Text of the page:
Monday, 30 August 2010: 4:30 PM
Alpine Ballroom A (Resort at Squaw Creek)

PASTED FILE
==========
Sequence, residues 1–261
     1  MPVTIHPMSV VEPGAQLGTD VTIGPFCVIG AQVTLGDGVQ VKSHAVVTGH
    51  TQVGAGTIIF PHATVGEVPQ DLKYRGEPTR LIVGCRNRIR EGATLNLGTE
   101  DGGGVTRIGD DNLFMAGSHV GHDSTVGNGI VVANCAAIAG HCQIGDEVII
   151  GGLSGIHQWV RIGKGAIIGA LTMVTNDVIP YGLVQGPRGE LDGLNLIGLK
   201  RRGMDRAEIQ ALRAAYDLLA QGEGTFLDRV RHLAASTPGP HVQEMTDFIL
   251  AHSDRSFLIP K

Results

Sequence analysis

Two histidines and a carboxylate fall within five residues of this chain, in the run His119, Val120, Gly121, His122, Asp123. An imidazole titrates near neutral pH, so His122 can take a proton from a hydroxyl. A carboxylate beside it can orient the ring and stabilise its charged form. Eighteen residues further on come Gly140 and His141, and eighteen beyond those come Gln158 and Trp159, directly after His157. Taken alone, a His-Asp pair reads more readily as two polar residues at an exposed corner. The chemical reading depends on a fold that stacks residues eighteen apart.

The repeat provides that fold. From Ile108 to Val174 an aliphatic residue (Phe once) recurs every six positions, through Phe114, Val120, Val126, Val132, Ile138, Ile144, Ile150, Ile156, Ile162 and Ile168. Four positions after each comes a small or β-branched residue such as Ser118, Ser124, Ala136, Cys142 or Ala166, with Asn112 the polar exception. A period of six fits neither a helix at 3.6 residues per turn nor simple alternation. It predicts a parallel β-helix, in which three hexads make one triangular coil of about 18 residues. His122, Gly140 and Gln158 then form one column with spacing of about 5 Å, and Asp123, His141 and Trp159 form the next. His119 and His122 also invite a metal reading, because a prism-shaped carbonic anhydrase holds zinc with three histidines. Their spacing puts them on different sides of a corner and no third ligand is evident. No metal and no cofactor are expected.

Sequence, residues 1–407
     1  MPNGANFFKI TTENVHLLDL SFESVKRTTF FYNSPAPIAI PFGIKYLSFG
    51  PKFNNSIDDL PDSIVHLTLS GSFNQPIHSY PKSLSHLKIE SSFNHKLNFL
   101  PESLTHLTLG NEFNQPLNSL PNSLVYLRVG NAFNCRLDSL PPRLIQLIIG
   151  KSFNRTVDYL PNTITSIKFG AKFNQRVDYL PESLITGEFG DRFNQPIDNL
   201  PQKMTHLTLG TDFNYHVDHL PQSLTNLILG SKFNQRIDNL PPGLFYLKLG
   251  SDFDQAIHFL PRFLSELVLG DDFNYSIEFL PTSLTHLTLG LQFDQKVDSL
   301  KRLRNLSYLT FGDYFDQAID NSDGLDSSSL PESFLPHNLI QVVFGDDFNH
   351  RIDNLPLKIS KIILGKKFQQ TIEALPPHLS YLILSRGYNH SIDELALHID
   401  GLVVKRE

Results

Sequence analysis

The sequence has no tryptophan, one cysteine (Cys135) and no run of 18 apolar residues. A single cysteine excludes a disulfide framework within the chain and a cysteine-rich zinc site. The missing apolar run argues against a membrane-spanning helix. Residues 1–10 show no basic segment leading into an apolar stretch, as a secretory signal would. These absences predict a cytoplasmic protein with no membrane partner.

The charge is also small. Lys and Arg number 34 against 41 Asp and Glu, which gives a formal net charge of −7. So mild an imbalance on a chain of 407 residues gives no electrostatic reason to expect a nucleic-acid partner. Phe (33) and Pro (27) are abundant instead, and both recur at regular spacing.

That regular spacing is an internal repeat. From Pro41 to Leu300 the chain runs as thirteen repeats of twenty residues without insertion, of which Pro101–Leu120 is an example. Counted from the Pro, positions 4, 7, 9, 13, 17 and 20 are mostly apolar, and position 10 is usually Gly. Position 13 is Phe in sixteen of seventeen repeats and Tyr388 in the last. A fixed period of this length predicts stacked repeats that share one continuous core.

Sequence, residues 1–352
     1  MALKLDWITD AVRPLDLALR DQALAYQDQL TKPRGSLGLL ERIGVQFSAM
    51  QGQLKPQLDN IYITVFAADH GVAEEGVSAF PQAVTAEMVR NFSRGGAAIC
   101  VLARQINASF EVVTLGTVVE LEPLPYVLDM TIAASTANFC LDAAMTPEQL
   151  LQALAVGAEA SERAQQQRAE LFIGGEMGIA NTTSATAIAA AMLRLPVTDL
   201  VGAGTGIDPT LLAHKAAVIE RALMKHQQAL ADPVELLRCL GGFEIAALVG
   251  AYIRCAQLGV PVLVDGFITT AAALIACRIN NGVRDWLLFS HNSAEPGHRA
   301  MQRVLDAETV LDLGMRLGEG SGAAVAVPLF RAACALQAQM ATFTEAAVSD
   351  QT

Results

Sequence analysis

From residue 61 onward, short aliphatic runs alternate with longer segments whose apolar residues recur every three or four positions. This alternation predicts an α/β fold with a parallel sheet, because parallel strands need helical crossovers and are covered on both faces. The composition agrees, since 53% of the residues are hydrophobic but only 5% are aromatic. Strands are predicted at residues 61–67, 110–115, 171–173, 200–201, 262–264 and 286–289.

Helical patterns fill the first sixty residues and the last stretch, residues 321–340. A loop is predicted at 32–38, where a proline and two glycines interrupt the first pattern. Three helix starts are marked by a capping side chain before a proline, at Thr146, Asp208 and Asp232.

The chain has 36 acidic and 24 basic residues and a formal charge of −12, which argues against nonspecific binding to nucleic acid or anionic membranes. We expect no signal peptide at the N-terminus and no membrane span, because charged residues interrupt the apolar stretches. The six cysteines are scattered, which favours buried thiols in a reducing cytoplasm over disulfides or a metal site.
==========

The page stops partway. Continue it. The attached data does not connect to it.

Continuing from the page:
The mechanisms governing the daytime development of thermally driven circulations in idealized two-dimensional valleys are investigated by means of large eddy simulations. In particular, the impact of slope winds and turbulent convection on the heat transfer from the vicinity of the ground surface to the core of the valley atmosphere is examined. Subsidence in the valley core, arising to compensate the upward mass flux related to upslope flows, generates a top-down warming mechanism, as opposed to the bottom-up warming resulting from turbulent convection at the valley floor. Advective top-down warming and convective bottom-up warming are shown to antagonize each other, the former prevailing in the morning and the latter in the afternoon. An evaluation of the depth of the atmospheric layer affected by the slope wind system is also provided. The free atmosphere descent mechanism first described by Whiteman and McKee (1982) does not seem to affect the entire air column up to indefinite heights: rather, it appears to be limited to the depth below the level of neutral buoyancy of air parcels in the thermal plumes devoloping on mountain tops. Due to the occurrence of slope circulations, the boundary layer appears to have peculiar features in mountainous regions: the valley boundary layer (VBL) may include a CBL, but is not limited to it. Elevated layers, where the atmosphere is warmed and becomes weakly turbulent due to advection of heat and TKE, are also included in it. A non-turbulent stable region where air subsides towards the valley floor to compensate upward motion along the slopes is also embedded in the VBL, at least in the early stages of its development. As the daily heating cycle progresses, the CBL and elevated stable layers may merge into a unique mixed layer. These features are consistent with previous findings from airborne measurements.
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